By and  on June 18, 2010

FLORENCE — The time for cowering in darkness has passed.

Companies at the Pitti Uomo fair here, unveiling their spring men’s collections, were taking risks again — from the formation of new partnerships and brand extensions to bolder, more cheerful approaches to merchandising.

“Last season, people were obsessed with the recession, and it showed in the collections, but today brands are getting back into the pleasure of making garments and there is a lot more new and fresh merchandise on offer,” said Hirofumi Kurino, senior adviser and creative adviser for Japan’s United Arrows Ltd.

The biggest reason for optimism? Manufacturers noted a return in business, especially in the United States, and some projected sales increases of 30 percent or more for this year.

“The United States is back on track; they are our number-one market. We are seeing growth in our own stores, but also with our multibrand retailers,” said designer Brunello Cucinelli.

Outerwear maker Allegri expects to close its fiscal year up 32 percent in sales. The brand has doubled its business in the U.S. over the last two seasons, said Allegri president Gian Maria Argentini.

The U.S. is enjoying a boost from a stronger dollar relative to the euro. The average exchange rate in January was $1.43 to the euro, and now it’s $1.24. While this change cuts in multiple directions, the upside is the currency swing should boost orders from the U.S.

“The euro is definitely a topic of conversation with everyone,” said Saks Fifth Avenue’s Eric Jennings, vice president and fashion director of men’s wear. “The [weaker euro’s effect on] tourism could impact the New York store, but it should only help and benefit us in terms of buying.”

And there are new reasons for consumers to spend, said retailers.

“One of the most exciting things is all the color that’s here,” said Kevin Harter, Bloomingdale’s vice president of men’s fashion direction. Collections were awash in vibrant aqua, tangerine, red, lime green, pink and china blue — and not only in solids, but dots, stripes, paisleys and tropical florals.

Italian shirtmaker Bagutta kept it on the sunny side with a cheerful collection of colorful men’s shirts — some splashed with polkadot and paisley motifs.

“Everyone had a difficult year, now men want something that makes them feel happy,” said Antonio Gavazzeni, chief executive officer of Bagutta.

During the downturn, vendors in survival mode hewed to the safest, most commercial offerings they could muster. They clung to their foundations and their historical bestsellers. While playing up heritage certainly remains a key marketing strategy for many brands, they are now beginning to take small initiatives with an eye toward the future. For example:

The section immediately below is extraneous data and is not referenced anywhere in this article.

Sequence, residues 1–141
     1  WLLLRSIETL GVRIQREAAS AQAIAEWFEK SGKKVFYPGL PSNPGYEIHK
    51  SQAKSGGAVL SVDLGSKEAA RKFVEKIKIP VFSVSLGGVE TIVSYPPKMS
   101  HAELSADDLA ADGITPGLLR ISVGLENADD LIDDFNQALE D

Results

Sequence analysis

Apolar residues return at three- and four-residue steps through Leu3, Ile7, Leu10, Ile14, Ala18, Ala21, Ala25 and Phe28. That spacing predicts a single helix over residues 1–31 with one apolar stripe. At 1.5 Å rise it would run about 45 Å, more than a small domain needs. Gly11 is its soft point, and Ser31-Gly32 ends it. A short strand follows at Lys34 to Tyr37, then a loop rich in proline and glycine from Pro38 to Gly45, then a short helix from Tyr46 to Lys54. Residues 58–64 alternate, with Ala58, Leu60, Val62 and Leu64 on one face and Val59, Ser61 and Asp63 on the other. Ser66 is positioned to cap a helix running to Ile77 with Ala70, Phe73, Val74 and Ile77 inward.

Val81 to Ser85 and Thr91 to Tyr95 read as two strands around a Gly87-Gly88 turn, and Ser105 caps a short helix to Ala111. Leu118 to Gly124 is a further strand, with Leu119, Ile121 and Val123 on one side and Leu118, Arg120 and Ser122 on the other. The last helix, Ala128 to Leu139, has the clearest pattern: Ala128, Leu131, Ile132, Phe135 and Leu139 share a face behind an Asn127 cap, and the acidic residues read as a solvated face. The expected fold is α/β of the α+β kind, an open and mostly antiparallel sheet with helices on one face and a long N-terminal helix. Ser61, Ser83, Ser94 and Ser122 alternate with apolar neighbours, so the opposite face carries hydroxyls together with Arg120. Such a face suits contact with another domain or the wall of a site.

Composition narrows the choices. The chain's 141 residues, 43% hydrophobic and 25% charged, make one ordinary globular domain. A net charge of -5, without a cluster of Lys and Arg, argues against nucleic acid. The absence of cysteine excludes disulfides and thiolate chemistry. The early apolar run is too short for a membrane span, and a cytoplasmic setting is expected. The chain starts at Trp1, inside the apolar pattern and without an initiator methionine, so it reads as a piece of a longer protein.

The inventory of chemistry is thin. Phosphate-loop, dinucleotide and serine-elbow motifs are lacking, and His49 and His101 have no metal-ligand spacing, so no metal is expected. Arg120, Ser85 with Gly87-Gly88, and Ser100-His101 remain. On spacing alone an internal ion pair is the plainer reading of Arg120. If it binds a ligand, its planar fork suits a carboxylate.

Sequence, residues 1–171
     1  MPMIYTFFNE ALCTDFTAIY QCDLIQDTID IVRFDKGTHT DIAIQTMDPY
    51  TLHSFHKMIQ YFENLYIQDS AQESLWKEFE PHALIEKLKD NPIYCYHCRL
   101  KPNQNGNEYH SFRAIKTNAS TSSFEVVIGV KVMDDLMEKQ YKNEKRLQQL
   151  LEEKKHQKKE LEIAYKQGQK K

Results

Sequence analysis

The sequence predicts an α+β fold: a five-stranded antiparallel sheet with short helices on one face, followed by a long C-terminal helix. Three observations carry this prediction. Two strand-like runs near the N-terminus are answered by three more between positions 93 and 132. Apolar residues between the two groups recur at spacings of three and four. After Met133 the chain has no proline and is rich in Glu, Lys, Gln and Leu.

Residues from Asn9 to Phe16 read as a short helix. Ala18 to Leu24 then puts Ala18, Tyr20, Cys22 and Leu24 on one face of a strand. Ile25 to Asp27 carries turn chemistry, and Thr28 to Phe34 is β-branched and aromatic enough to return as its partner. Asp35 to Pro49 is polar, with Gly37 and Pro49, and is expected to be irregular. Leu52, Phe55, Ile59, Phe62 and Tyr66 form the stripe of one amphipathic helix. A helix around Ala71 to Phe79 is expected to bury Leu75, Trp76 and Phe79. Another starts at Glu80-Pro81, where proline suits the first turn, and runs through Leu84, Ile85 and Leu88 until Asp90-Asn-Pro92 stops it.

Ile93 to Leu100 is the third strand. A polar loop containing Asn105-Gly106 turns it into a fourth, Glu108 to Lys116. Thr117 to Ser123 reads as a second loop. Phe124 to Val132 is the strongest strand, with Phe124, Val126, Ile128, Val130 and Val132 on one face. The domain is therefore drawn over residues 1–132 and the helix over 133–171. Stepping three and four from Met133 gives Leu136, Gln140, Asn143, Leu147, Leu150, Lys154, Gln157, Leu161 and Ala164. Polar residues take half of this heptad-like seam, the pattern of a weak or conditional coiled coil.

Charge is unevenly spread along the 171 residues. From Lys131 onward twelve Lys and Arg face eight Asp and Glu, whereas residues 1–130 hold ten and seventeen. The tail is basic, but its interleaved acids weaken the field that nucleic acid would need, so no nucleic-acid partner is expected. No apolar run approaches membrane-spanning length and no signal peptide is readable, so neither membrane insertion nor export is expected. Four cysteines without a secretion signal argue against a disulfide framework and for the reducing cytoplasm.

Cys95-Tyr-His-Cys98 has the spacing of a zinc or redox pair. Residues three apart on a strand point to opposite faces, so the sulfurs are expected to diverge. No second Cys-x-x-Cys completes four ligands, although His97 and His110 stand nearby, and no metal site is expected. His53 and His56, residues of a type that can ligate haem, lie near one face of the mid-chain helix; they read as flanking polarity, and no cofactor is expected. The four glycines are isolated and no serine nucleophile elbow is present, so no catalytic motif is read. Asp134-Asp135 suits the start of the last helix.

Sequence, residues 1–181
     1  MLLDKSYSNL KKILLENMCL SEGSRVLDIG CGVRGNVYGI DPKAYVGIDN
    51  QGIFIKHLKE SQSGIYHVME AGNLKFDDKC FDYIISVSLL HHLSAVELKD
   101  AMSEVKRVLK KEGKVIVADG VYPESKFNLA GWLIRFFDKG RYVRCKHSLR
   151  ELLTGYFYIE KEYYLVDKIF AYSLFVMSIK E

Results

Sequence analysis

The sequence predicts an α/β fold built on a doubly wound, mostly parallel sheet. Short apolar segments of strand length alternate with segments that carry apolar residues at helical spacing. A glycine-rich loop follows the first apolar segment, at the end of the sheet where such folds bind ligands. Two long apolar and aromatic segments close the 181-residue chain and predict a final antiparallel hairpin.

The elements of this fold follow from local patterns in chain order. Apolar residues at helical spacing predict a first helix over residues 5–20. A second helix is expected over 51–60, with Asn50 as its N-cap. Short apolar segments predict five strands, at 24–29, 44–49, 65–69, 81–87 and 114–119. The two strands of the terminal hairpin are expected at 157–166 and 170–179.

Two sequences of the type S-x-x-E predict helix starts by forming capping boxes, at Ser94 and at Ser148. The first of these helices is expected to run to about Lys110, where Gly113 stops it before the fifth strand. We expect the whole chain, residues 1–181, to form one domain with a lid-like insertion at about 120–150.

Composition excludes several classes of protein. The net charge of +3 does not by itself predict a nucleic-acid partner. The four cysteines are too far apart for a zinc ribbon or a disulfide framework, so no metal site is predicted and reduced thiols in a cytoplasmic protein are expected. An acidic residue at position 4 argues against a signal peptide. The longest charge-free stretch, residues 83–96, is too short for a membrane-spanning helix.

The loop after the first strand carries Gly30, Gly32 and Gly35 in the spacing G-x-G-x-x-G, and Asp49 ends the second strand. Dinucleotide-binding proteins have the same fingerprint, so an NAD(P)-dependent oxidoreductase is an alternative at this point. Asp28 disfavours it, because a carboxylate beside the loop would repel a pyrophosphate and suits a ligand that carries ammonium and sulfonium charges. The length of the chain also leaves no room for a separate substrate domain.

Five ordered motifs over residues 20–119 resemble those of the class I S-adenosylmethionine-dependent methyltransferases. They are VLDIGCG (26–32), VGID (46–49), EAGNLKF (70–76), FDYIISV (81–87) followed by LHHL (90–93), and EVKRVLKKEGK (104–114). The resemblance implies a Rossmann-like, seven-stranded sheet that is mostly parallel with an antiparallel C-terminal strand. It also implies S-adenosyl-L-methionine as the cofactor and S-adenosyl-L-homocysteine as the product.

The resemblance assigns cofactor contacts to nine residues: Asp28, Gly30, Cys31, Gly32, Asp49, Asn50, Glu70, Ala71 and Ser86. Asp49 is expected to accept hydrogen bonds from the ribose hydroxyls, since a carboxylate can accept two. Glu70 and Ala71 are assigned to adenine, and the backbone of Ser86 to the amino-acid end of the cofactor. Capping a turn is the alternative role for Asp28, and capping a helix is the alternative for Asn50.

• Since London-based Hackett inked a distribution partnership with Coach Inc., its thoughts have turned to this new business model and to the potential benefits of tapping Coach’s expertise in Asia and the U.S. Hackett also developed a new co-branded watch line with Tag Heuer.

• Shirtmaker Gitman Bros. has branched into bottoms via a collaboration with Corbin, a trouser company under the same parent, Individualized Apparel Group. Gitman is moving beyond vintage preppy patterns, into paisley, camouflage and even animal spots.

• Jack Spade, originally a bag brand, is launching jeans, since apparel now comprises 40 percent of the business.

• Ballantyne has rethought its whole image. Exhibiting inside a Fifties gentleman’s clubhouse modernized by video projections and contemporary music, the brand’s focus was less on colorful cashmere sweaters than on making a new statement. “This is not a collection of knitwear, but a new lifestyle, a modern dandy who is a bit younger and more fashion conscious,” said creative director Alfredo Argiro.

• Many brands reacted to the downturn with lower-priced product, but others took a different kind of risk, a commitment to unabashed luxury. Zilli introduced 24-karat gold sunglasses and a taupe crocodile travel trolley, which boasts a price tag of $30,000.

• Slowear Group, which owns a stable of Italian brands including Incotex, Zanone and Montedoro, will extend the higher-end Red label to two other brands — Glenshirts Red, shirts made from Japanese cotton spun on antique looms, and 2B3 Red, a rugby- and cricket-themed range of polos. And Slowear will roll out a new corner concept for U.S. department stores early next year.

• Beachwear maker Sundek unveiled a higher-end capsule collection, Sundek by Neil Barrett.

• Robinson Les Bains, a hot swimwear brand emerging from Paris, is introducing cotton jersey “après-beach” loungewear. The season takes inspiration from the nautical influence of Spain’s Basque country.

• Accessory brand Want Les Essentiels de la Vie plunged into a category ripe for innovation: leather iPad cases retailing for $295. With pockets for credit cards and paper bills, they are designed to eliminate the need for a separate satchel.

Tailored clothing had been men’s wear’s Achilles’ heel during the recession, but in some markets, the traditional offerings have begun to recover. Sport coats, “like the ones your dad used to wear,” were making a splash at the show, said Eddie Prendergast, the owner and self-titled “chief bottle washer” of London’s happening men’s wear shop, Present.

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